February 12, 2018

Family planning advocates task FG on Global Gag Rule

Family planning advocates task FG on Global Gag Rule

Pregnant women in low-income countries lack access to family planning, antenatal care and skilled birth attendance, amongst others.

By Sola Ogundipe

THE Network of Reproductive Health Journalists of Nigeria, NRHJN, has objected to the  expanded Global Gag Rule (GGR) also known as the Mexico City Policy, reinstated  by US President, Donald Trump in 2017.

Stating its position in  Ibadan, Oyo State, at the end of a strategic meeting and training workshop, the network which is advocating Sexual and Reproductive Health Rights (SRHR) issues and policies, urged  the Federal Government to respond to the GGR by investing more in health and taking advantage of family planning as a development strategy towards saving billions in scarce resources and reducing poverty.

Observing that the Trump administration’s version of the gag rule portends adverse consequences and devastating effects on the health of women and girls in Nigeria and the developing world as a whole,  NRHJN noted that as a consequence of the  gag rule,  more Nigerian women are losing access to contraception even as more incidences of  unintended and unwanted pregnancies, abortions and unsafe abortions and deaths are being recorded.

The GGR is an executive order introduced by former President Ronald Reagan in 1984, to ban US funding of international health organisations that offer abortions – even if the US is not paying for the abortions or related services.

The  GGR cuts off US. government aid to health agencies that offer or mention abortion services and has been enforced by every Republican president since Reagan. On the flip side, every Democratic administration up to Obama has rescinded the gag rule.

In reinstating the gag rule, the Trump administration  expanded the scope and cut  funding to the tune of $9 billion to groups that offer vital health care services linked to abortion;  allied reproductive health services including family planning, care and support for STIs such as HIV/AIDS, etc., in developing countries including Nigeria.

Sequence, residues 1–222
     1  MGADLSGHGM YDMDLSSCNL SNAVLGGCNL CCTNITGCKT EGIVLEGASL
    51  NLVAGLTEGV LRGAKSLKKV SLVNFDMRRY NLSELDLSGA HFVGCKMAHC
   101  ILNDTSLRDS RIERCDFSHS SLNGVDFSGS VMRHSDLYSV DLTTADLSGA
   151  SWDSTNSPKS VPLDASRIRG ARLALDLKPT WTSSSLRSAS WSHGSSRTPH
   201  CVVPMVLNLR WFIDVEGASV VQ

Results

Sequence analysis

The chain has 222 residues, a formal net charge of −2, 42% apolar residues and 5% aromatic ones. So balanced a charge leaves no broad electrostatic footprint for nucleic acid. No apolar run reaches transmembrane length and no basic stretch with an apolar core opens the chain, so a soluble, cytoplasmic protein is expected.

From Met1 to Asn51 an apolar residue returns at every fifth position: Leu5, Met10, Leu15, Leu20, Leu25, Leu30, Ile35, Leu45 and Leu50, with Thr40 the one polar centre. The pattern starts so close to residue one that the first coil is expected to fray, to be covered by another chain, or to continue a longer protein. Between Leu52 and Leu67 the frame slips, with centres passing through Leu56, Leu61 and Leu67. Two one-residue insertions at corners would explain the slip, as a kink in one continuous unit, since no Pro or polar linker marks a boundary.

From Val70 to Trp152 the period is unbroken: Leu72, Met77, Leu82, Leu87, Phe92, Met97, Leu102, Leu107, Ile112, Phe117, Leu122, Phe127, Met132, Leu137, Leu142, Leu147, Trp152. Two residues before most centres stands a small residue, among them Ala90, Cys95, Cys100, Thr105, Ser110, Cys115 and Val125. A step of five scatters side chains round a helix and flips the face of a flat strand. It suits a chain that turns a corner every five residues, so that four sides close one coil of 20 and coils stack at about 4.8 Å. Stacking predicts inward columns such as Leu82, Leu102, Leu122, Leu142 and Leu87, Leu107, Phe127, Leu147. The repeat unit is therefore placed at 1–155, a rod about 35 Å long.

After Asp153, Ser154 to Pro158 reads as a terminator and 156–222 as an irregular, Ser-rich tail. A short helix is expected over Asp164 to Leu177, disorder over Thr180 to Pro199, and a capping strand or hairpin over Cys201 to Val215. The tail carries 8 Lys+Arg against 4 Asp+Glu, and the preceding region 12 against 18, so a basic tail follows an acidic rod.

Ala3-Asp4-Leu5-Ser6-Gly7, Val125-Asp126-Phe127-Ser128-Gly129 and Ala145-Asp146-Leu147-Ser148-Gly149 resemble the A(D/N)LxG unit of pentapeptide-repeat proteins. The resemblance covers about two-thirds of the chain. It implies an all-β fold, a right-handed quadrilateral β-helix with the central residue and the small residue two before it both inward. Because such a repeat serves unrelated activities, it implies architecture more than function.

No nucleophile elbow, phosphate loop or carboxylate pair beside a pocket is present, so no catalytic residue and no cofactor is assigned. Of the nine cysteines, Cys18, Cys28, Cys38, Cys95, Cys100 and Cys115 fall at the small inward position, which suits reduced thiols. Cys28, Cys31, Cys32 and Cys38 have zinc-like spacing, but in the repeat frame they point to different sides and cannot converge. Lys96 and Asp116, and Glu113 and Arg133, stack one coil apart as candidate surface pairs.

According to NRHJN: “Federal government should utilise monies recovered from corrupt persons in providing access to healthcare, especially at the grassroots for women and children.

“Government at the federal and state levels should be more  committed to protecting women’s health and promoting the rights issue, while  appreciating that putting money into health and human infrastructure is an investment.

“Government should be  more committed and responsive towards issues concerning women by providing accessible and affordable contraceptive services in the country.”

Observing that the state of sexual reproductive health and rights  in the country is below acceptable standard, the network stated: “Nigeria is in a demographic crisis as a result of poor investment in family planning tools/services and health infrastructure.

“State governments have abandoned their responsibility especially as it involves the provision of primary health care services, leaving this burden to the Federal Government despite the fact that health care falls under the concurrent list of the 1999 constitution as amended.

“Worse still, women have been denied access to contraceptive services which is a breach of their fundamental human rights.”

Advocates of SRHR  argue that the gag rule is central to sexual and reproductive health and rights issues worldwide and say it is  promoting inequalities in access to crucial care and support services as well as widening other existing social, racial, political,  institutional and gender gaps.